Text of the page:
The Kyoto dispute comes atop a series of differences between the two sides, mainly on trade and economic issues. Among them are a row over the fairness of the EU's banana import rules, one on the ban facing U.S. and other aircraft considered too noisy to use EU airports, and a potentially damaging disagreement on the fairness of tax breaks for U.S. companies selling goods and services outside the United States.

In one case, the United States has imposed sanctions on the EU, and in the other the EU is threatening sanctions against the U.S. Washington analyst Stokes notes:

"Most people I think who follow these [issues] feel we (the U.S. and the EU) have never been more at each others' throats than we are now. So that is not good, and what is particularly troubling about these disputes is that many of them are over issues that were previously considered to be purely domestic concerns -- like how do you tax a corporation, or what kind of food safety standards do you impose. And we are finding as we get into these disputes that they are much more virulent and arouse much more public passion than we ever experienced in [the] past."

Judged by the unilateralism of its Kyoto decision, the new Bush administration might be thought likely to take a hard line on these disputes. But Stokes thinks that would be a misreading of the situation. He says a number of decision-makers in the administration are what he calls "foreign policy types," with a general awareness of the "explosive nature" of the problems, and that they therefore appear to be treading softly. Even so, he acknowledges that things are going to be difficult.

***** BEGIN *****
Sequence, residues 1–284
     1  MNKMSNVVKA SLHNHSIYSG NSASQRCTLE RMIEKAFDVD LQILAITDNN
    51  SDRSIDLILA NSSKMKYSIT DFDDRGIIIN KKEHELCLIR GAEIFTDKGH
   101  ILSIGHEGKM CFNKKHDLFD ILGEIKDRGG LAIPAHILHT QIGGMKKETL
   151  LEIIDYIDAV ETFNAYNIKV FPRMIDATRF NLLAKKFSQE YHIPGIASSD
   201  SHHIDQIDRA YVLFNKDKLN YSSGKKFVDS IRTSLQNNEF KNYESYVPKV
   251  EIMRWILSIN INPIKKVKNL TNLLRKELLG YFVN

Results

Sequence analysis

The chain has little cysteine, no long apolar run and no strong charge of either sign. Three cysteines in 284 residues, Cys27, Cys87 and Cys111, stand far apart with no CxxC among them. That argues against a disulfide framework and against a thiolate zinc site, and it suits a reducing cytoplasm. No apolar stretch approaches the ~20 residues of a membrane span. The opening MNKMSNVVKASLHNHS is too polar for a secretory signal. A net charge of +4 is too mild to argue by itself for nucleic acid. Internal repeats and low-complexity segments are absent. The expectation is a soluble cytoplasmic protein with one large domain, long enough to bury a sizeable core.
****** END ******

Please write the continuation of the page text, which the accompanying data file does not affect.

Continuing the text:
Another analyst, Brussels-based Michael Emerson of the Center for European Policy Studies, cautions against excessive pessimism. He told our correspondent:

"I would be inclined to avoid a kind of linear interpretation of this whole business [of U.S.-EU relations], that there will be a widening of differences all down the road. In the trade-policy area it is quite possible that [the top EU and U.S. trade representatives] Pascal Lamy and Robert Zoellick, who know each other extremely well, it could even be that they manage these affairs constructively."

In Paris, French analyst Parmentier says the Bush administration's line on Kyoto has at least the virtue of being direct and honest, an approach which he says should make straight dialogue between the two sides possible in future: